We’ve all been there; standing in line, near the back, waiting for an eternity to get into the stadium so you can watch your favorite team play. You just want to get inside and find your seat and get ready for the action. If only there were some way we could speed up the entry process… if you’re an MLB (Major League Baseball) fan, specifically a fan of the Oakland Athletics, you’re in luck!

The team is piloting an NFC ticketing solution allowing fans to enter the stadium by tapping their iPhone (or Apple Watch) on a ticket scanner – the same way you’d use Apple Pay. This method uses the NFC technology you find in contactless rewards cards (such as a Walgreens Balance Rewards) via Apple Pay.

However, this is the first time the technology is being used outside of reward cards or stored balance gift cards, so it’s a great move forward and use of NFC that will save baseball fans plenty of time.

  1. Preventing fraudulent sales of sports memorabilia

Unfortunately, fraud and sports memorabilia are regularly linked to each other. Fake sports memorabilia is impossible to avoid – all too often you see stories of someone paying hundreds (sometimes thousands) of dollars for a piece of iconic sports memorabilia, only to then discover it’s fake later down the line.

Fortunately, NFC tags are here to help! NFL legend and former Dallas Cowboys star, Emmitt Smith (who played in the NFC his entire career), has founded a startup that creates stamp-sized NFC chips that track when an item is worn or used in a game. The smart tags from PROVA do more than just track items; they also identify stolen goods – ultimately making it very difficult for anyone trying to sell property owned by the NFL.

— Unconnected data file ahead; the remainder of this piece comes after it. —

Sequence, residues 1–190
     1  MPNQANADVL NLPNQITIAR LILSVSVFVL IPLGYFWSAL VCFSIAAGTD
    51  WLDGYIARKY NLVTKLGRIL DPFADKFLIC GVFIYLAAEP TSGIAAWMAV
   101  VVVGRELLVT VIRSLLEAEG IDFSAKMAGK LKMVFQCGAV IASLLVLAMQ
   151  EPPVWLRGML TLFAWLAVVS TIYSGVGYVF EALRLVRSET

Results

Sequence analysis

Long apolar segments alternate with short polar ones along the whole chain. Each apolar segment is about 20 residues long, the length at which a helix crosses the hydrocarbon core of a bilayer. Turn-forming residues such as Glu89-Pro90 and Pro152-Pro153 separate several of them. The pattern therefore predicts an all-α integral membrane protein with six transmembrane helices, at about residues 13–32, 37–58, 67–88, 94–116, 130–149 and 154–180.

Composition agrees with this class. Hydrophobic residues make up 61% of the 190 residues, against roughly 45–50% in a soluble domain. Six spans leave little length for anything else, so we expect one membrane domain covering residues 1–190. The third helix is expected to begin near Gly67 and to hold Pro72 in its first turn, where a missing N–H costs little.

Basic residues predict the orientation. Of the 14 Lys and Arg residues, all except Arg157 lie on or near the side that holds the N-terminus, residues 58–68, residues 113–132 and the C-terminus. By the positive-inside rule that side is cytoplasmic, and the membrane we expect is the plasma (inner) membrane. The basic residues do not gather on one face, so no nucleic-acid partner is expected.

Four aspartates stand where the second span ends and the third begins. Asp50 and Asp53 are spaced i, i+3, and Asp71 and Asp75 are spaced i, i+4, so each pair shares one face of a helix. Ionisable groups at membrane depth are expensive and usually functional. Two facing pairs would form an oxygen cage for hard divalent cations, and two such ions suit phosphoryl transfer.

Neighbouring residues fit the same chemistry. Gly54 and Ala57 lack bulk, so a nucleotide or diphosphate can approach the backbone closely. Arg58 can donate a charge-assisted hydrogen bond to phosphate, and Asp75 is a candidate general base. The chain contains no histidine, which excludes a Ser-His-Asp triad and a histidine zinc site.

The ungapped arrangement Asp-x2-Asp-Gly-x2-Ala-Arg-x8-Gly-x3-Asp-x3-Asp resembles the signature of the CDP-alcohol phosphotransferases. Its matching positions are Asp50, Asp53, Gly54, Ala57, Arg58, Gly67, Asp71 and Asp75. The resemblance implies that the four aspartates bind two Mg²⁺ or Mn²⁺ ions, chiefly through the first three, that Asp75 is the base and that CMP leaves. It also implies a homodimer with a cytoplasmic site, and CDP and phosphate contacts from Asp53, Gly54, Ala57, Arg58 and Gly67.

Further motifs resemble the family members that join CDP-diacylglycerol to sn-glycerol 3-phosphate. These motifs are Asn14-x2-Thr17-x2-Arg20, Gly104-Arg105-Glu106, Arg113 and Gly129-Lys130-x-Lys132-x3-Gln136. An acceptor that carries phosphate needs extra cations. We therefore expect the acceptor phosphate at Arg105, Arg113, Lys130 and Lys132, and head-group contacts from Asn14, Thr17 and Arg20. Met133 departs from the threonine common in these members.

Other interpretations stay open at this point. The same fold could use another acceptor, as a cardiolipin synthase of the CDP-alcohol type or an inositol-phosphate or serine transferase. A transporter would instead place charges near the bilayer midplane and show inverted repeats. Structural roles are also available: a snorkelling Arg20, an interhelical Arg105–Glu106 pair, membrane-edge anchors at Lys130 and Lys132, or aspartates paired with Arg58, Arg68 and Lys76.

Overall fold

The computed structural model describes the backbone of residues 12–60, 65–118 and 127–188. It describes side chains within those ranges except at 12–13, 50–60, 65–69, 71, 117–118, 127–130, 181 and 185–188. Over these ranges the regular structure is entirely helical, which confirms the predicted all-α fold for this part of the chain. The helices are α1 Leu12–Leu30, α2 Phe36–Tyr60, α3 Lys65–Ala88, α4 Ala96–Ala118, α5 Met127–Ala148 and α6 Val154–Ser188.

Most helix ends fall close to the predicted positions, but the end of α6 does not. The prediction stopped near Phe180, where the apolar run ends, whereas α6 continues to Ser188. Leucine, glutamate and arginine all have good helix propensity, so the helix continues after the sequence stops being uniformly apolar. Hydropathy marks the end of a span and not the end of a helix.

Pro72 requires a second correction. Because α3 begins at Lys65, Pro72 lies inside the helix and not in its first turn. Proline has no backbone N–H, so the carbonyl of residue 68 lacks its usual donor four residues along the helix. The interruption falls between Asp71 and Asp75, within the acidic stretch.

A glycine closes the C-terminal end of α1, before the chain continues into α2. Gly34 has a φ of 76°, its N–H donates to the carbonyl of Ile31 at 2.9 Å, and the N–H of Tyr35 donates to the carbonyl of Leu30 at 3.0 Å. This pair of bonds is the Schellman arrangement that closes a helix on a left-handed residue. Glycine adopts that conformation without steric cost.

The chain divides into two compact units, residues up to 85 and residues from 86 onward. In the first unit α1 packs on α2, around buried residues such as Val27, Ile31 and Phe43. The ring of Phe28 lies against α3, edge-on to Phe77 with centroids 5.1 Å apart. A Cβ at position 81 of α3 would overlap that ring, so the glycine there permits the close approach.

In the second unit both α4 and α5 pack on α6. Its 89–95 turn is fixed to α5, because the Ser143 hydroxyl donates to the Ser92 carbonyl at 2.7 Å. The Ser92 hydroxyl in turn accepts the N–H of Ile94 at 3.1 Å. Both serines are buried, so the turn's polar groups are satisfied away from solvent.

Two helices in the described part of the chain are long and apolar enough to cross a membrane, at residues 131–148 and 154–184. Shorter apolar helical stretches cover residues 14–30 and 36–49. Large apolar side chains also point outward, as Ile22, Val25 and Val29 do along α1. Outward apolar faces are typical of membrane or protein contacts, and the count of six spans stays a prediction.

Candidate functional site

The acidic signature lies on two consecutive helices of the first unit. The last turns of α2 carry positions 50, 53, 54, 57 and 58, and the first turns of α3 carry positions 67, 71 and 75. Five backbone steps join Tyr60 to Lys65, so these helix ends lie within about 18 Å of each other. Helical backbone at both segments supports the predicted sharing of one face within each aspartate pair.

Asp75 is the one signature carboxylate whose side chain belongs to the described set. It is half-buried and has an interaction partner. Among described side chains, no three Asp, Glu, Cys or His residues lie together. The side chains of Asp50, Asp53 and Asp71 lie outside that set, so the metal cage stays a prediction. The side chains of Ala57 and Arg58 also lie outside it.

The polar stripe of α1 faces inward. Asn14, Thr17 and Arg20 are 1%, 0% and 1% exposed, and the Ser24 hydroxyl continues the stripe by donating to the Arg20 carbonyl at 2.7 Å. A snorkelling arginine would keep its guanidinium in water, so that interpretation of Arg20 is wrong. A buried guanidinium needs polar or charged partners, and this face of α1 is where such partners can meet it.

It’s a win-win for fans and the NFL and a considerable blow for anyone trying to steel or sell stolen sporting goods. Hopefully, this will help prevent any more fiascos such as Tom Brady’s stolen Super Bowl jersey earlier this year.

  1. Speeding up sales in NFL stadiums

Buying food and drinks in a large sports stadium (particularly a busy NFL stadium) can be time-consuming. There are long queues, mainly due to arduous payment processes with fans fiddling around with loose change or forgetting their PIN codes… Once again, it’s NFC to the rescue! Last year, Visa partnered with the NFL and the San Francisco 49ers to provide Levi’s Stadium, the site of Super Bowl 50 with approximately 700 NFC-enabled, point-of-sale terminals, enabling cardholders at the game to swipe, tap or click-to-pay using a smartphone when purchasing food, drinks or merchandise. And over in England, Gemalto has introduced NFC bands at Saracens, the superstar rugby team, to help improve the fan experience on matchday.

The move in San Francisco was a big success and was one of the many reasons why Super Bowl 50 was a great experience for all the fans in attendance (apart from Carolina Panther’s fans who had to witness their team suffer at the hands of Von Miller).

So, there you have it – five ways NFC technology is helping improve the sporting world. What do you think? Are there more use cases for NFC in sports on the way? Let us know by tweeting to us @Gemalto, or leave a comment below.